A joint program to combat telemarketing fraud was announced Thursday by U.S. and Canadian officials, who said such schemes cost citizens of the two nations as much as $40 billion a year.
“Telemarketing fraud has become one of the most pervasive and problematic forms of white-collar crime in Canada and the United States,” said a report prepared for President Clinton and Canadian Prime Minister Jean Chretien.
“Losses to each victim run from hundreds to thousands of dollars, and in some cases to much more,” it explained. “A single offender can easily earn several hundred thousand dollars per year, with larger ‘boiler room’ operations extracting tens of millions of dollars.”
“Senior citizens in both countries are overrepresented among victims and offenders have admitted to targeting them specifically,” the report noted. “The evidence indicates that offenders believe older people have more assets and are more susceptible to techniques such as excitement tactics or appeals to altruism.”
In recent years, the report said, the use of telephones has enabled criminals to target victims at long distances and across provincial, state and international borders, making binational cooperation particularly important.
Clinton and Chretien discussed the problem during their April 8 summit and subsequently ordered a group to recommend ways to address it. The group included law enforcement and policy officials from both federal governments and state and provincial agencies.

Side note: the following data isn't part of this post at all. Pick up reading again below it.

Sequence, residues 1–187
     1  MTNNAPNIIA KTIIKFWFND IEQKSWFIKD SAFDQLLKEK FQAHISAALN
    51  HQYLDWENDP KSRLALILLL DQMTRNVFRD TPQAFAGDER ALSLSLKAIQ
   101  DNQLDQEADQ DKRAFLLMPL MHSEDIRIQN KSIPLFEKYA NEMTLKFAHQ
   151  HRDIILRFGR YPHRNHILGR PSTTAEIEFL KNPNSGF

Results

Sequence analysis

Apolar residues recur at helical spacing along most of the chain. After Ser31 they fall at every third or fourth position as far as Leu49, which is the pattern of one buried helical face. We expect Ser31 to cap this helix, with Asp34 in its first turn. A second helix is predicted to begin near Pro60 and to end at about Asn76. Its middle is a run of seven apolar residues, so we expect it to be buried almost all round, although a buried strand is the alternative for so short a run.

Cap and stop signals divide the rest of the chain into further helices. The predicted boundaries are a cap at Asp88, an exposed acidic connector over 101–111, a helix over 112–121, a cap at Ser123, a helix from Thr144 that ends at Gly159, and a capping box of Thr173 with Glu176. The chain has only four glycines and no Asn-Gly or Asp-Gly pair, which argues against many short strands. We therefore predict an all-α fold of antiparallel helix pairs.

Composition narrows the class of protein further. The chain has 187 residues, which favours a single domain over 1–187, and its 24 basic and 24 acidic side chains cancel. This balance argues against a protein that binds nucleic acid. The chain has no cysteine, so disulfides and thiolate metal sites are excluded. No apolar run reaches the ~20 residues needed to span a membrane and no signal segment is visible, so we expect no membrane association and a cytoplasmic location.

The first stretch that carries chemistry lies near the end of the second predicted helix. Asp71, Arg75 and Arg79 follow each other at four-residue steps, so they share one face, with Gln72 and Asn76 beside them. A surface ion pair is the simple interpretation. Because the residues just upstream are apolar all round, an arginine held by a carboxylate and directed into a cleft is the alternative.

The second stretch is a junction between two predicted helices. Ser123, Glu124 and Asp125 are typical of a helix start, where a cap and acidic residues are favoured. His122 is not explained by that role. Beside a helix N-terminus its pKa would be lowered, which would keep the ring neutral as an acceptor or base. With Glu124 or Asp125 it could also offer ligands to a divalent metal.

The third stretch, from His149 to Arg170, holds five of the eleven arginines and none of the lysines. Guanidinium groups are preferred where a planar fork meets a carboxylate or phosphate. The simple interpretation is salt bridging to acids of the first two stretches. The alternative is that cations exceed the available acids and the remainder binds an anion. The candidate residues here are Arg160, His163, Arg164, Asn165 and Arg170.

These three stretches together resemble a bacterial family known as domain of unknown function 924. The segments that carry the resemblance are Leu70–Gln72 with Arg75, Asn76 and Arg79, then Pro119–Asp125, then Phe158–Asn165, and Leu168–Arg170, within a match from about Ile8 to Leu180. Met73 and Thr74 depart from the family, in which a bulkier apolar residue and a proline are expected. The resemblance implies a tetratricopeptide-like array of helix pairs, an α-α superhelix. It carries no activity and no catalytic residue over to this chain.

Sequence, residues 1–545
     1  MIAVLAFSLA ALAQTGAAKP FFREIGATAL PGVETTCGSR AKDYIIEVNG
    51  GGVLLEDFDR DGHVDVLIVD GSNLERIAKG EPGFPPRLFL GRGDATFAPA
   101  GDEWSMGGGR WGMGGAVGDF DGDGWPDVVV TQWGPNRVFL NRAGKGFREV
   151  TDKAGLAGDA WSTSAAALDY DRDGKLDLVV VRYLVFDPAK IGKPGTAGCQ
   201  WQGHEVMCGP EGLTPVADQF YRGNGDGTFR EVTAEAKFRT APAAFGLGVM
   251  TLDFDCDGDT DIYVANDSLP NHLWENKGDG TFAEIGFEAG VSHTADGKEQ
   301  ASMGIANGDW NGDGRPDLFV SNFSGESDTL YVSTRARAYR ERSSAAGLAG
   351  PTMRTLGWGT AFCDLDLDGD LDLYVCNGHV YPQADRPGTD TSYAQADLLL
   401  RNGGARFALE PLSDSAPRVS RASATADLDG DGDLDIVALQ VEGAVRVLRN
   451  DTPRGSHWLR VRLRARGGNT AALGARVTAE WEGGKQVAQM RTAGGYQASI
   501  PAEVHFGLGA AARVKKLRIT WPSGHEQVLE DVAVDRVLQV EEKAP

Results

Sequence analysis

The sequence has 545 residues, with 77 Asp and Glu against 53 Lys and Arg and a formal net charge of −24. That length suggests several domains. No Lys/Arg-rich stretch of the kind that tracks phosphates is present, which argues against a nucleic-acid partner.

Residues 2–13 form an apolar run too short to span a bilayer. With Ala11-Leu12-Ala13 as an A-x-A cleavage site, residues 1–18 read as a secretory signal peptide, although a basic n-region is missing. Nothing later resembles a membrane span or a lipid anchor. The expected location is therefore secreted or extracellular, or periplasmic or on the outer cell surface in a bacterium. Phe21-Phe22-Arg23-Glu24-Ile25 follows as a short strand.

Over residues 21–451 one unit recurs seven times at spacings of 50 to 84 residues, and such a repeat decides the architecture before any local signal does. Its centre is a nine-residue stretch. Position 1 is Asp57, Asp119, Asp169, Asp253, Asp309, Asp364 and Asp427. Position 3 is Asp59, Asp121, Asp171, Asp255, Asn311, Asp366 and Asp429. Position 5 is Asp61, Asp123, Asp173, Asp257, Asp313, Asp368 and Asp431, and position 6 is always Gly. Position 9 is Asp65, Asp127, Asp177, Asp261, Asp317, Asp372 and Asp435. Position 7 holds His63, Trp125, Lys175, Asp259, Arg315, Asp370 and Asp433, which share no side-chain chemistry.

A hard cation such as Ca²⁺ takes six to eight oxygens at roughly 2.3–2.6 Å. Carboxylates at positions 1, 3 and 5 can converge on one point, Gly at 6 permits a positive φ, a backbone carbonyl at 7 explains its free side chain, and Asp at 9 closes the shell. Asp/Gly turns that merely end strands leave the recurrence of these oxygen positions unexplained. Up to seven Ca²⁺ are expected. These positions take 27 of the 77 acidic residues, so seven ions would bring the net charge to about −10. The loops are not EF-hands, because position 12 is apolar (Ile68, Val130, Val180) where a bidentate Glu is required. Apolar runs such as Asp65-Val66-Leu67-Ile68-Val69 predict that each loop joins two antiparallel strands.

Many of the report’s recommendations involve improving, strengthening and coordinating enforcement efforts. But they also stress the need of educational materials and strategies to help people from being lured into fraudulent schemes.
Binational strategies also are needed, it said, to enable quick reaction to telemarketing offenses; combine prevention, enforcement and punishment; make strategies cost-effective; safeguard victims’ interests; maintain flexibility; and retain a long-term commitment to the problem.
Specific recommendations included exploring the legal and technical potential and limits of electronic surveillance and examining the possibility of denying telephone services to offenders.
The report also suggested examination of extradition arrangements and a review of deportation laws that might apply to foreign nationals engaging in telemarketing fraud.
A binational group is needed, it added, to serve as an overall coordinator and deal with national and binational fraud issues as they arise.